Trent Trouble Continues for Rolls-Royce

Photo: Rolls-Royce


Rolls-Royce has received more bad news regarding the Trent 1000 engine that powers the Boeing 787 Dreamliner family. In a new airworthiness directive (AD) issued by the Federal Aviation Administration on January 18 new restrictions are being placed on an engine subset, known as Package B, of the Trent 1000 that powers the 787-8, to limit extended operations (ETOPS).

The FAA said the issuing of the AD “was prompted by a report from the engine manufacturer indicating that after an engine failure, prolonged operation at high thrust settings on the remaining engine during an ETOPS diversion may result in failure of the remaining engine before the diversion can be safely completed”. These latest restrictions are not expected to be as disruptive as those on Package C engines, and Roll-Royce is working on the introduction of permanent fixes.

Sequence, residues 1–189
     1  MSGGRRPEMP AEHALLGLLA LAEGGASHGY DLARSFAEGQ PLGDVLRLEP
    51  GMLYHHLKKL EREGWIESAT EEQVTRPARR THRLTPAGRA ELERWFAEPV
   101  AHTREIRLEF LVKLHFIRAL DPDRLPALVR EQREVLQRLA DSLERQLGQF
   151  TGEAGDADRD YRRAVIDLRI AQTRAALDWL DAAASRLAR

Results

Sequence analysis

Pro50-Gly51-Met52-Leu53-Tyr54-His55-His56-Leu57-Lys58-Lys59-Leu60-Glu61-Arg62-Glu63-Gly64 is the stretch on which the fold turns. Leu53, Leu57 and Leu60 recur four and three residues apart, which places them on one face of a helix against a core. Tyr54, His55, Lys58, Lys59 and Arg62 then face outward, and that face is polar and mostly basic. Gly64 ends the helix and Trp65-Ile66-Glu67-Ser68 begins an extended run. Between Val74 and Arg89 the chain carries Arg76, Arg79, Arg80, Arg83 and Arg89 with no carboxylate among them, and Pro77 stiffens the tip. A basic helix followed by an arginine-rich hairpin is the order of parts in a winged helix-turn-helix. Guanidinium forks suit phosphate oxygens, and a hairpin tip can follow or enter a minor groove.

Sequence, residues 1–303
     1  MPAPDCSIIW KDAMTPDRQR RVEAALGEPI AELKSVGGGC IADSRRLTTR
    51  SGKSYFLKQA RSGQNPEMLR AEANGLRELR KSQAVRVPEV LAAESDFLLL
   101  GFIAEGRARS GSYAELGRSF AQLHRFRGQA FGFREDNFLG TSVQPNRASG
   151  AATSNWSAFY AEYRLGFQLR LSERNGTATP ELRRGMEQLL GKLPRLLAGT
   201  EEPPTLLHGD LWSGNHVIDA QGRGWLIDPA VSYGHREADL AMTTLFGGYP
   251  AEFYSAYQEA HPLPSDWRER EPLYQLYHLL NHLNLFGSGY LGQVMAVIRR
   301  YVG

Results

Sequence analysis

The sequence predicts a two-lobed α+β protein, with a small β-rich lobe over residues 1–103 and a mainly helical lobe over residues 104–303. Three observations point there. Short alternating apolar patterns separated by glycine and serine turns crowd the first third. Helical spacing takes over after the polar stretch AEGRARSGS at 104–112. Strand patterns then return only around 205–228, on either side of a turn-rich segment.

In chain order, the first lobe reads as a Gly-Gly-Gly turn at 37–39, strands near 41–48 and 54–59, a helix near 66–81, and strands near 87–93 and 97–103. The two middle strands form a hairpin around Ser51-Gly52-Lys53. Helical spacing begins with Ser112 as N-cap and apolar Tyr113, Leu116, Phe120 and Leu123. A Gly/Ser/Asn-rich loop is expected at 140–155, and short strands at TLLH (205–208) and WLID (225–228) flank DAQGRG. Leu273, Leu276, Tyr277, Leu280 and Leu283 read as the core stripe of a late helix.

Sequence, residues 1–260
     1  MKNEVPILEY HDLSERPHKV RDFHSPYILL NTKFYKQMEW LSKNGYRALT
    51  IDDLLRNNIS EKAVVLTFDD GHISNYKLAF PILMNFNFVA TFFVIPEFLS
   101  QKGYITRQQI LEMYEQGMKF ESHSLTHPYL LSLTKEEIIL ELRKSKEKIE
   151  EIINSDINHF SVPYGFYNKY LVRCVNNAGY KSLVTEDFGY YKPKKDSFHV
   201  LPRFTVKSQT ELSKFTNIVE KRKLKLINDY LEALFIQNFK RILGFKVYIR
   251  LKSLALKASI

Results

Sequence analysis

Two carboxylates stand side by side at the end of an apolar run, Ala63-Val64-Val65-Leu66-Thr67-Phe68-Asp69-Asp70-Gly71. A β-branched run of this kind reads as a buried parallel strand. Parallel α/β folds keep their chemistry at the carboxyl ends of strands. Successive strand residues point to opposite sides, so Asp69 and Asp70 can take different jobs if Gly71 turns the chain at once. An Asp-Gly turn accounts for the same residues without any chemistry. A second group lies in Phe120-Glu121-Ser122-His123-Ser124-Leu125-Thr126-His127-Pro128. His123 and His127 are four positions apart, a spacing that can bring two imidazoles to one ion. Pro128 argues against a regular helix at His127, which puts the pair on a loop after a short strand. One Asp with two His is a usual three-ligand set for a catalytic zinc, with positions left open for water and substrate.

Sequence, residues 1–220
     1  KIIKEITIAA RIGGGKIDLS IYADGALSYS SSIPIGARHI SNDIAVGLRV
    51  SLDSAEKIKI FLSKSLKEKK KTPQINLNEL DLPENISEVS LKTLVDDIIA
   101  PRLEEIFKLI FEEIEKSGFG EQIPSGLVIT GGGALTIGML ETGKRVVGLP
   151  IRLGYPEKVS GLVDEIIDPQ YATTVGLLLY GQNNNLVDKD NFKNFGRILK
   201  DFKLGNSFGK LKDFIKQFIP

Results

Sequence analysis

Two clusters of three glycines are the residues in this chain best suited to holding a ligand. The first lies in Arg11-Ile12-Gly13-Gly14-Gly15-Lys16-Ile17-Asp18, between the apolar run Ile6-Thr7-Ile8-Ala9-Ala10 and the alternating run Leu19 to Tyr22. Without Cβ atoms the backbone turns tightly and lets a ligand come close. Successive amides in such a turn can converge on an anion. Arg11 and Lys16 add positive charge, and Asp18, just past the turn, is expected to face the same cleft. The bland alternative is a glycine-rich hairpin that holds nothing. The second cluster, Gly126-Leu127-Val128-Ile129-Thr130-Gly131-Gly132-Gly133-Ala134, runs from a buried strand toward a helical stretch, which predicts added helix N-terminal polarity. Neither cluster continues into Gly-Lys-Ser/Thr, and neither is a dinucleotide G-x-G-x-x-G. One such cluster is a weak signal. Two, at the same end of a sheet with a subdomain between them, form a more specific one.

In better news, the engine manufacturer has received certification for the redesigned intermediate pressure (IP) compressor blade for Package C variants of the Trent 1000. The redesign was prompted by the discovery of a durability issue within the blades that resulted in dozens of 787s being grounded around the world until a suitable fix could be found and implemented. Rolls-Royce said it hopes the introduction of the new blade will quickly return all the grounded aircraft back to flying status.

Prior to certification the new blades were installed on a test engine, before undergoing flight testing on the company’s Boeing 747 flying test bed in the US. The manufacturer also said the first engine to receive the modified blades were being serviced (as of early January) at its overhaul services facility in Derby and the introduction of the new blades will be on a phased basis as their production ramps up.

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